Awaiting a midterm, I was sitting in my lecture hall freaking out. Of course I studied, but the nerves were getting to me, and I cycled through all the material in my head. I got so nervous that I decided to say a little prayer, hoping that my brain wouldn’t fail me on such an important day.
I looked around the room, and I wondered what was going on in the heads of the other students. Do my peers pray? And aside from scoring well on exams, how is prayer used on campus?
To get as many perspectives as possible, I asked various religious groups around the university, why do you participate in prayer? I received answers from members of Hillel (the student Judaic center), Davis Christian Fellowship, the UC Davis Meditation Club and the Islamic Center of Davis.
First, I asked a fourth-year why he likes to observe Shabbat (the Jewish day of rest) at Hillel. In response, he said, “It’s like a form of centering myself and removing myself from the rest of the week, setting aside problems and anxieties.” For him, prayer was finding “a moment of peace.” In addition, the communal aspect of hanging out with friends and eating Shabbat dinner added to his experience. On the whole, respecting the tradition separates him from the worries of the week.
Second, I heard from a fifth-year psychology student and member of Davis Christian Fellowship. For him, prayer helps him focus on a righteous life. He responded, “As a Christian, I follow Christ and His life serves a model on how to live mine.” And to follow Christ’s model, he voiced, “I pray because it allows me to have a time to re-focus and I also come away with a perspective that sees things through the lens of God.” To emulate Jesus, prayer is a way to talk to “God,” and keep at the forefront his teachings.
Next, I listened to a member of our school’s meditation club. She said that she practices meditation to “untangle [herself] from the drama of everyday life.” For her, it’s a mindset, “keeping presence in the present” and putting one’s energies in the now. The nickname of the club is “Simply Being,” and for her, that summarized the freedom and truth she knows to recognize.
Lastly, I contacted the Islamic Center of Davis, and I corresponded with the recently retired Imam. For background information, he shared that “when Muslims say prayer, it is usually Salaa (structured prayer) that comes to mind, specifically, the five times a day required prayer.” He adds that, “the beauty of Salaa is that it comes from the Arabic root word ‘Sila,’ which means connection.” For Muslims, saying prayer at least five times a day is the “connection that we maintain with God.” And this practice is vital for the link with holiness, because “we, as people, generally tend to be distracted, busy and caught up in life to the point of losing focus or spirituality, or even becoming heedless of God and our purpose in life.” In his opinion, we often get distracted from our goals, and reconnecting to “true reality … is a source of rest, peace, love, clarity and guidance.” For him, “prayer is priceless.”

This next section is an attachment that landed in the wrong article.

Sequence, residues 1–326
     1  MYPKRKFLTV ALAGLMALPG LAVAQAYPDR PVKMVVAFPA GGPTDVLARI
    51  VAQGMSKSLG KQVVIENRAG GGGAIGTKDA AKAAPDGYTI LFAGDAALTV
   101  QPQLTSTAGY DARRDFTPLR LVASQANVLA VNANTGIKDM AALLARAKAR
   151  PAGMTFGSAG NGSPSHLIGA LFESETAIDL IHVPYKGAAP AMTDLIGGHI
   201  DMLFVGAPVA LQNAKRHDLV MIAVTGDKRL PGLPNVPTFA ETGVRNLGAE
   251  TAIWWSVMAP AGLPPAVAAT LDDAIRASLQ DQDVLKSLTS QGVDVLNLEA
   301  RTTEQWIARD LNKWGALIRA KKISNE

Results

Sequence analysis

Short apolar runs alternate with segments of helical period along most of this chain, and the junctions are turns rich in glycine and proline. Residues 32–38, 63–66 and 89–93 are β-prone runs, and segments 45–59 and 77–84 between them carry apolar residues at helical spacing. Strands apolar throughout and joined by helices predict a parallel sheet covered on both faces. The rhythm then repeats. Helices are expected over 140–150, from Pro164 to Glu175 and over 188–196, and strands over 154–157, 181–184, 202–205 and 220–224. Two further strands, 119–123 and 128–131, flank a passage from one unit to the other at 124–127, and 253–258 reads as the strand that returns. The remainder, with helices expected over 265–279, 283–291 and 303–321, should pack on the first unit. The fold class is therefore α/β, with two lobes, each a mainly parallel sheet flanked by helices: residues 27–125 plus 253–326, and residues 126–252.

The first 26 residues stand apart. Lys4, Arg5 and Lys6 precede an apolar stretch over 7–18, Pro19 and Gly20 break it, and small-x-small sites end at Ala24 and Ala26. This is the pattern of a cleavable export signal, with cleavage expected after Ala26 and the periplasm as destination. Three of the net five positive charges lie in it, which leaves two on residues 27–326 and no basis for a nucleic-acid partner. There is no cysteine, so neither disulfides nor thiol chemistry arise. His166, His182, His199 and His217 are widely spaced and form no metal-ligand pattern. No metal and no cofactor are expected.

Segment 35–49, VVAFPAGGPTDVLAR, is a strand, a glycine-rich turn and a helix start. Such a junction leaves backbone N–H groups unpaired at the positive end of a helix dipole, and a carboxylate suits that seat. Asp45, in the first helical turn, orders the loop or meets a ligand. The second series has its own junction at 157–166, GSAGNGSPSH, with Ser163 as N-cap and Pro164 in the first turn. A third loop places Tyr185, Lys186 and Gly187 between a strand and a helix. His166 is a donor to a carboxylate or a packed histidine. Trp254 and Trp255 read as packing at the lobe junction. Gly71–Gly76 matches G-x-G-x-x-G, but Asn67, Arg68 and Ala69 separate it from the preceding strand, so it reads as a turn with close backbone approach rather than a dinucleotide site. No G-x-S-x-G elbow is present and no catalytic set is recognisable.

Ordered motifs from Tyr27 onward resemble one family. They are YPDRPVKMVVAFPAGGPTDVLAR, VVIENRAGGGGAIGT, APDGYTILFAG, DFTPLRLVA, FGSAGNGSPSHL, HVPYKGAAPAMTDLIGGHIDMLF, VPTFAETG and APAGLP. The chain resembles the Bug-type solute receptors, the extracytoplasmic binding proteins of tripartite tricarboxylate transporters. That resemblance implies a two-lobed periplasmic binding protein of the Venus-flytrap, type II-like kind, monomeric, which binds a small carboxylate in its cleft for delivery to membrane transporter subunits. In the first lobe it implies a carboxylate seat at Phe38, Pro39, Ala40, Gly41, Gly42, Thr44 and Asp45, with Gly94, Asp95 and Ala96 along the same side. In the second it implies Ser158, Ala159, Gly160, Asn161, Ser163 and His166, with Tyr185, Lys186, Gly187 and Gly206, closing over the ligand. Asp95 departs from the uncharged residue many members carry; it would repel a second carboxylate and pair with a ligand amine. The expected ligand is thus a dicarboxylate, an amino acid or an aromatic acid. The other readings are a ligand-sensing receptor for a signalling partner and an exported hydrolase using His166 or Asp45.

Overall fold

For all these individuals, it seems clear that their practices and beliefs hold great personal importance. Furthermore, it appears that prayer influences their frame of mind, coloring the meaning of existence.
But for those who don’t have a routine, what is a secular view on prayer?
One student said, “I can understand how prayer makes one appreciate life, but I think its repetitive nature makes [it] lose meaning.” Acknowledging that prayer works for some, he stated, “there are ways of accomplishing the effects of prayer for different individuals.” For instance, he says he habitually contemplates the priorities in life. But overall, he makes clear that “[he] try to reflect on the beauty of life all the time.” Whether listening to music, exercising through sport or enjoying the company of others, it can be accomplished in all settings if one has the intention.
Regardless of religious affiliation, it can be said that time could be well-spent focusing on what is important in one’s life, whatever it may be.
If you want to find the meaning of life with DANIEL HERMAN, he can be reached at firstname.lastname@example.org.